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THIS pious Manual, which contains several of the works enumerated by Wood in his Athenæ Oxonienses, has been several times published under the titles of The "Saint's Pocket-Book," and "God speaking from Mount Gerizim, or the Gospel in a Map." But the first publication of it in a separate form, was undertaken, in the year 1766, by the Rev. John Ryland, when it was entitled "The voice of God in his promises, or strong consolations for true Christians, &c." and comprised but the three first chapters of this work. He gives the following account of it:

"But, above all, in that gaol he (Mr. Alleine) wrote this glorious Synopsis of the Covenant of Grace, or The Voice of the Lord in his Promises, to which he prefixed the Voice of the Herald, and to which he subjoined the Voice of the Redeemed; all which you have now in your hands.

"He also added a most rich and copious meditation, entitled, A Soliloquy, representing the Believer's Triumph in God's Covenant, and the vari

ous Conflicts and glorious Conquests of Faith over Unbelief.

"These precious and most comfortable pieces were sent from gaol to his beloved flock at Taunton, and were both printed in the year 1666, and inserted in a book written by his father-in-law, Mr. Richard Alleine, entitled, Heaven opened; or A brief and plain Discovery of the Riches of God's Covenant of Grace, being the third part of Vindi cia Pietatis, by R. A. London, printed Anno 1666.

"From this book a worthy and pious lady transcribed that part styled, The Voice of the Lord in his Promises.

"Mr. Hervey, before he died, saw this book in the original, and said it was the richest piece he ever read in his life."

This little book was enriched with many new and appropriate scriptural references by the late Rev. David Simpson, of Macclesfield,* who evinced the high estimation in which he held it by causing it to be reprinted, and circulated in that populous town and neighbourhood. In this edition, these references have been corrected and verified, and greatly augmented by several ad

The esteemed author of "Simpson's plea," &c.

ditional passages. also been explained, and many notes introduced. In other respects the editions of Mr. Ryland, and that of 1793, have been followed.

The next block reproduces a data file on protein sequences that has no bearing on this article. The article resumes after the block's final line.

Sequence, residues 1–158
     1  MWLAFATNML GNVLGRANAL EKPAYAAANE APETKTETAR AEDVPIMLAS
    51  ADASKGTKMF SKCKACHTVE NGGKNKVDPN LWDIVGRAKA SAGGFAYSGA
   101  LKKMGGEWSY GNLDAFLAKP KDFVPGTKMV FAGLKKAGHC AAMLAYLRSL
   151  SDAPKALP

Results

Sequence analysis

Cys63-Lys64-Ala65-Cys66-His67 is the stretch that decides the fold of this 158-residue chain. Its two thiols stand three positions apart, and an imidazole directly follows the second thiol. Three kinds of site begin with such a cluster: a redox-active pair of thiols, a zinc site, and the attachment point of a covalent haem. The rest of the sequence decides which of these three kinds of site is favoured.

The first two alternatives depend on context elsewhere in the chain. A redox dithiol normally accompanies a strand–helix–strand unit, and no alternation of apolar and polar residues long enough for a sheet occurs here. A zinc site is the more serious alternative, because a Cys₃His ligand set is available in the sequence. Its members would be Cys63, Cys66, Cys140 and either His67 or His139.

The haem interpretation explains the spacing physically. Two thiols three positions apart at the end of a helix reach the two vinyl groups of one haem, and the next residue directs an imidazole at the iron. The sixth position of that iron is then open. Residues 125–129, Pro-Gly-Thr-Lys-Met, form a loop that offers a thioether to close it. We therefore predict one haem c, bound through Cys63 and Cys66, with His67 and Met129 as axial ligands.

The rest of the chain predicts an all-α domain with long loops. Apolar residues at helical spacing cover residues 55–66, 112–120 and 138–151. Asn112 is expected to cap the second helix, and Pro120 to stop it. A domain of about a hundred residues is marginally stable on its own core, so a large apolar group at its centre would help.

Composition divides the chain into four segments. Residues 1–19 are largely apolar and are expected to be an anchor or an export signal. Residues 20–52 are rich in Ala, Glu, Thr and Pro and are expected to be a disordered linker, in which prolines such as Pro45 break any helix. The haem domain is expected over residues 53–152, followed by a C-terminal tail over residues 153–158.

The obsolete words have

The greater portion of this small work relates to that solemn covenant, which is virtually made, between every righteous man and his Maker, and which is adverted to and renewed in every solemn act of devotion. No author has written on it with greater clearness and ability than Mr. Joseph Alleine.

It is mentioned by his friend Mr. Baxter, as one of his greatest excellences, that 'in all his ministry he was extraordinarily addicted to open to the hearers the covenant of grace, and to explain religion in the true notion of covenanting with God, and covenant-keeping, and greatly to urge men to deliberate well-grounded resolutions in this holy covenant. So God was pleased to give him a certainty and sense of his divine faithfulness, in fulfilling the promises of his covenant, and a lively sense of all the benefits of it. And his faith in God, for the performance of his part, was as strong and fixed, as was his own resolution in the strength of grace to be true to God. And as he was resolved, through grace, never to forsake Christ, so Christ did never fail or forsake

him. In the valley of the shadow of death, he feared no evil. But when his flesh and heart failed, as to natural strength, the Lord was the rock or strength of his heart, and never failed him.'

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